want to see more photos of the House of Worship? pay a visit to the Baha’i Houses of Worship group on flickr—it also includes photos of the other Houses of Worship around the world, such as those in India, Uganda, Germany, etc…
Where was I on Canada Day…
- 2006? hanging out in downtown Ottawa with friends from Sherbrooke.
- 2005? again, hanging out in Ottawa and getting nice and stuck in the crowds on Parliament Hill.
- 2004? moving back to Ottawa from Quebec and experiencing some severe culture shock.
- 2003? delivering pizza in Drummondville.
- 2002? watching the fireworks at the Vieux-Port of Montreal, after a week in New York City that culminated in me performing at Carnegie Hall with Voices of Bahá.
On a related note, I saw the renowned Abha Voices perform on Friday, and they put on quite the show, performing several numbers from their repertoire, all based on the Baha’i Writings. It was incongruous—yet immensely refreshing!—to hear the following words sung on this otherwise nationalistic occasion: “Let not a man glory in this, that he loves his country; let him rather glory in this, that he loves his kind.”
Update (2007-07-02): the photos from canada day 2007 are gradually going up on flickr; check ’em out and keep your eyes open for more. more photos are available on Facebook, including chronicles of the visit of a group of Baha’i Youth from Montreal’s West Island!
A little late, but here’s the Canadian Baha’i News Service reporting on the election
TORONTO, ON, 01 May 2007 (CBNS) — Over 150 delegates from across Canada gathered at the Toronto Bahá’í Centre this past weekend, 27 to 29 April 2007, to elect the national governing body of the Bahá’ís of Canada, the National Spiritual Assembly.
The elections were part of the annual National Convention during which locally elected delegates consulted with the National Spiritual Assembly about issues of importance to Bahá’ís, particularly community activities centred on the moral and spiritual development of children and youth.
Elected to the National Spiritual Assembly for a term of one year were Judy Filson, Karen McKye, Gordon Naylor, Borna Nourredin, Enayat Rawhani, Fariborz Sahba, David Smith, Susanne Tamas, and Mark Wedge.
The election, like all elections of Bahá’í institutions, was conducted by secret ballot, with no campaigning or even discussion of individual personalities. Instead, delegates based their individual choices on criteria laid out by the central figures of the Bahá’í Faith.
Shoghi Effendi, the Guardian of the religion from 1921 to 1957, specifically emphasized the qualities of “unquestioned loyalty, of selfless devotion, of a well-trained mind, of recognized ability and mature experience.”
A day of preparation for the delegates took place on the Thursday prior to the Convention, in which participants explored their role as delegates and the purpose of the convention. Part of the consultation revolved around a recent letter from the international governing body of the Bahá’í community that emphasizes the spiritual nature of Bahá’í elections and recommends, in addition to the qualities cited by Shoghi Effendi, such criteria as age distribution, diversity, and gender when voting.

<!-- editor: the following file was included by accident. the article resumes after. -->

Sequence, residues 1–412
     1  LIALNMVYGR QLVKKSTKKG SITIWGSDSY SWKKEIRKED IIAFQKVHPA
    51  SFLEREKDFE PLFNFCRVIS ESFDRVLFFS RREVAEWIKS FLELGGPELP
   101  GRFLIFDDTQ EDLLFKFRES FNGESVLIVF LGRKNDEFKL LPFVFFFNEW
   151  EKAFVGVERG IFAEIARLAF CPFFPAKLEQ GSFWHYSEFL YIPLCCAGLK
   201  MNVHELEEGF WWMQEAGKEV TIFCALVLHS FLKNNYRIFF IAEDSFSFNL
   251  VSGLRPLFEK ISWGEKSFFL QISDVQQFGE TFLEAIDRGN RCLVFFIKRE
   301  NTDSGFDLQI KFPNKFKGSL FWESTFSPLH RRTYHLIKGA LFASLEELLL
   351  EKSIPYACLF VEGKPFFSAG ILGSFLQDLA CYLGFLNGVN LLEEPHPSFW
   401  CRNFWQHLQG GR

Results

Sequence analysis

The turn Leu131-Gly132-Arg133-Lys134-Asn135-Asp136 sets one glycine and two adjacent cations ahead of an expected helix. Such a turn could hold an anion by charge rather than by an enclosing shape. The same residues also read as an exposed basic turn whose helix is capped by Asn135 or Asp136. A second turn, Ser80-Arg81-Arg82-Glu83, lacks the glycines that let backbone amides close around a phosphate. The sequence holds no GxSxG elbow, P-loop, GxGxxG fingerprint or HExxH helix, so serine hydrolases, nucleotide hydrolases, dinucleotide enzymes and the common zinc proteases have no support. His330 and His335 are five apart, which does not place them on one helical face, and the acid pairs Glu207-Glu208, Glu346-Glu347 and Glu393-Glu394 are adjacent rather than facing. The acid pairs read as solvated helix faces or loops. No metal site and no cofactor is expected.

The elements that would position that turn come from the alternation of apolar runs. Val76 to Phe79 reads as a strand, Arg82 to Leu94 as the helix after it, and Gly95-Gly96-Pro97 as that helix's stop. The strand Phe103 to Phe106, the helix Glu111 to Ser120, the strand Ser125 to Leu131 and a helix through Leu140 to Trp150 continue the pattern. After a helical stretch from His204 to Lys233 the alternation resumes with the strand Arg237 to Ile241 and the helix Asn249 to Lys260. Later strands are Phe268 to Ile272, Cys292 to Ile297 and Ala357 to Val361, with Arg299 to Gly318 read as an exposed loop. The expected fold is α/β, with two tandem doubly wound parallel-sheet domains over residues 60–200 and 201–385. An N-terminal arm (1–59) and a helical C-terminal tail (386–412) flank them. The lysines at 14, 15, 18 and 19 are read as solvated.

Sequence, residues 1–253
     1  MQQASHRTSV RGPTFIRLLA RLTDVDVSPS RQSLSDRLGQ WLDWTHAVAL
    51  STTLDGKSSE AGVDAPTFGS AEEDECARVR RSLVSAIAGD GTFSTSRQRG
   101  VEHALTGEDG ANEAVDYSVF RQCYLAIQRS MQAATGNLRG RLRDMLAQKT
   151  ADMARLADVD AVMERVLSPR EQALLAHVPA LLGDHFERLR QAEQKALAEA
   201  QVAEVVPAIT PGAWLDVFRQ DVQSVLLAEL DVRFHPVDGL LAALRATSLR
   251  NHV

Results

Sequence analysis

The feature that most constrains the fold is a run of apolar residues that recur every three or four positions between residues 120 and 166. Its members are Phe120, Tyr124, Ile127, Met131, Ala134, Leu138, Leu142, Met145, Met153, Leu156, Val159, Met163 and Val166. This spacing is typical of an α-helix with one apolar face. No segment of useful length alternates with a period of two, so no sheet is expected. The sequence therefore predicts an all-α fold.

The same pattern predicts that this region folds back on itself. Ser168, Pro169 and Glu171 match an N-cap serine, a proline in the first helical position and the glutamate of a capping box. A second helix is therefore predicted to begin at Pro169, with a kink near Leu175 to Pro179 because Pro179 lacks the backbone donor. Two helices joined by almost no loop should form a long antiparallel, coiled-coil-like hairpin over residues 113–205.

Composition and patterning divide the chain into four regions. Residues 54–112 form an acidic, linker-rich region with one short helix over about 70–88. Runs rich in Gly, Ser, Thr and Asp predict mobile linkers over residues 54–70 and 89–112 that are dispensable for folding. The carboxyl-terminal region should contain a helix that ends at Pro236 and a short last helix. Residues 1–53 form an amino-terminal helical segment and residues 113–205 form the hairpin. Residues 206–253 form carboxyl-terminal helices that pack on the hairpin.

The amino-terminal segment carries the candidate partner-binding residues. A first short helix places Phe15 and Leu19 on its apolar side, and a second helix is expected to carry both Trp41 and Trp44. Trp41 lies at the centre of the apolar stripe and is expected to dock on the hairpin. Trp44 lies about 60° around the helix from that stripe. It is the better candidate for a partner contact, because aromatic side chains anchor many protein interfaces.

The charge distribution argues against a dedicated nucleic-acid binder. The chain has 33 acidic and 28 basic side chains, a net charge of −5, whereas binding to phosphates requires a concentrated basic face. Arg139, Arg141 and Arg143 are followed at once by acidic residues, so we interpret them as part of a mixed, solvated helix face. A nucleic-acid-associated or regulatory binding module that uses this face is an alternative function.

Read up more about Baha’i elections:
It’s fascinating to ponder the holes out there in the Baha’i community that could be filled by judiciously chosen and developed IT initiatives. Throughout the day today, we’ve been talking about the needs out there—from tools to benefit Baha’i Institutions (for example, accounting software that operates according to the 19-month Baha’i calendar, or geomatics software to aid in planning various types of community campaigns) to software to sift through the Sacred Writings of the Baha’i Faith, to collaboration software to help Baha’i institutions, communities, and individuals to work together more effectively… there are so many ways that computers and the Internet can help us do our work better, yet there’s so little time to accomplish them all. A few projects that were put forth in one of the last workshops this afternoon: a functional Baha’i events database (similar to bahailocations.com) that can be used by Baha’i communities throughout the world to track their core activities, holy days, and various gatherings; an online presentation platform (similar to webconferencing) for holding formal or informal talks and “fireside chats”; and a process for providing technical and material support for Baha’i communities throughout the world who wish to develop their first websites.
So yeah, some really intense consultation here. The workshops have been the best—that’s why I really came to this conference. This morning, I attended a workshop on blogging by the authors of bahainine.com, the growing online portal to Baha’i blogs everywhere. That was awesome, just to be there and to be able to talk shop with them about blogging software, search engine optimization, content management systems, and miscellaneous Web 2.0 hobbledyhoy. The whole project is really interesting—creating an online portal to basically aggregate all the Baha’i-related content on the Internet, giving the “Baha’i blogosphere” a friendly face. The current site just contains a map and a searchable index of Baha’i blogs, but there’s a lot more in the works—photos, videos, full tagging capability, and so on. Speaking with the team that’s working on this mammoth task is immensely uplifting and exciting, and the possibilities are endless. I’ll be sure to post more later; remember to check back—apart from photos, there’ll also be videos (and/or mashups) for your enjoyment and upliftment.